### Comparison Problems: Using Tape Diagrams to Represent Math Thinking

Word problems are a key part of rigorous standards everywhere, but teachers and students alike often dread tackling them.  Even textbooks sometimes save them for the bottom few problems on a page or a separate lesson toward the end of a chapter.  The thing is--word problems (at least good ones!) are the "real world" part of math.  One type of word problems, comparison problems, can be particularly challenging for students.  Let's look at some teaching tips that might make them more accessible!

### 1.  Critical Reading of Math Problems

As teachers, we should always be striving to help our students understand that the skills we are teaching are them are FOREVER...not just to complete a math page or worksheet.  One skill that we really want to make sure our students understand is the need to critically read math problems to figure out what is being asked, what information is given, and to make a plan for solving.  So often we do the thinking for our students.  Just look at how many of our math books are organized.

A lesson entitled "Solving Addition Stories" doesn't leave much room for student thinking, does it?  Providing students with a constantly spiraling variety of problems forces them to think for themselves, learn to look for key information in problems, and make solution decisions accordingly.

One idea?  Use highlighters to find important information.  Underline the question.  One thing I do NOT recommend? Looking for key words like "fewer" or "total".  These words may seem like a quick fix for students...but they can lead them down the wrong path.  How?  How about this problem...

"Larry has 14 baseball cards.  This is 25 fewer than his sister Becca has.  How many cards does Becca have?"  By teaching "fewer" as a signal to subtract, a student will certainly not think through this problem correctly!

### 2. Visualization and Modeling

One strategy that can really help students make sense of problems is to be able to visualize and draw models of different problem types.  Comparison problems--sometimes represented with "tape" or "strip" diagrams are a GREAT way to help students visualize the math!  I thought I'd share a few ways that these can be super helpful for students--whether used as whole class lessons or for intervention groups.

Using a blank "template" of a tape diagram with manipulatives can really help students see the comparison that appears in a problem.  This diagram shows a visual representation of the following problem:

"Bill has 13 candies.  If Sarah has 5 more than Bill, how many candies will Sarah have?"

Now...this is a VERY simple example and is perfect to use with intermediate students who really need to back up and see the actual manipulation of the numbers.

As students get more adept at these problems, you might see that a sketch with only numbers placed in the diagram is appropriate.  Check out this lesson where we "filled" a diagram and then brainstormed a ton of different questions that could work with this problem.  Again, part of making sense of problems is realizing that the QUESTION matters...and we need to always be looking for what that question is!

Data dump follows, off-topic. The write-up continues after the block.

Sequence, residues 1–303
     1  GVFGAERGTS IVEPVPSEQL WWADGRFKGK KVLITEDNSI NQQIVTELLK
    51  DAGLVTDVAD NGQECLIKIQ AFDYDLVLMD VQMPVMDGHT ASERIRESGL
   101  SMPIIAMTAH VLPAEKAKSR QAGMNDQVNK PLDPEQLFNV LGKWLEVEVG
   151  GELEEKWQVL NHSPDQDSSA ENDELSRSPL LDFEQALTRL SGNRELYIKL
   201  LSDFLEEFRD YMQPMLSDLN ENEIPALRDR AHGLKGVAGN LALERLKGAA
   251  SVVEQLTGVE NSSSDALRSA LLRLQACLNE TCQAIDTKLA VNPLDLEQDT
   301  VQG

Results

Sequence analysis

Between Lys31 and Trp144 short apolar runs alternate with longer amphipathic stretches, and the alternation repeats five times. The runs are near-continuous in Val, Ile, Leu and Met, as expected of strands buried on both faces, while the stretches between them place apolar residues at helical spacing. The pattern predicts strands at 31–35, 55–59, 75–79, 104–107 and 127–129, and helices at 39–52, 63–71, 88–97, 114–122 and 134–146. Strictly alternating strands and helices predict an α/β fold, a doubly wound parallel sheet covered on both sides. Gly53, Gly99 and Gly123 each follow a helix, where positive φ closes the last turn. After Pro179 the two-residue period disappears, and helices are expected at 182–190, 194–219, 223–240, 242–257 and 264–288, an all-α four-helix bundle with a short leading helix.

Another strategy to get students really visualizing is to take a blank diagram and create different stories to go along with them...help students get flexible with their thinking.
Once you have worked with the class on this--send them loose to try some on their own!  Share with partners or put some great examples under the document camera to look at all the different ways that students found to visualize this math situation.

### 3.  Tips for Additive Comparison Problems

The beauty of comparison problems is that they actually get students thinking about all FOUR operations--and how addition and subtraction are related and how multiplication and division are related--and even how those inverse operations can be used in solving.  Although we may call some problems "additive" comparison, the reality is that the information can often be represented by subtraction as well.  These problems really form the foundation for later work in algebra, so it's so important that we help students recognize what is happening in these problems--and to find different ways to model them.

### 4.  Tips for Multiplicative Problems

As students develop their math skills, we know they need to be able to deal with "groups of" and division problems as well.  This also ties directly to fraction work ("1/3 of ..." as opposed to "3 groups of...").  Helping students SEE the difference between 3 groups of five and 3 MORE than five is such a valuable exercise.

Interested in trying the activities pictured above?  Here you go!

Want to pin this for later?

### How To Organize Your Classroom

Chances are, when you first started dreaming of becoming a teacher, your vision did not include excessive meetings, lots of data collection, and a clutter-filled classroom that caused you even more stress.

Even if you were not picturing yourself as the proud owner of a space that looked like something Martha Stewart, Pinterest and Joanna Gaines collaboratively created, I would put money on the fact that you didn’t imagine frantically trying to find your students’ homework packets under the stack of assessments you didn’t have time to correct because you were too busy looking for the lesson plans you had placed down…somewhere.

And you certainly didn’t imagine you would be repeating this same scene every. single. day. for the better part of the school year.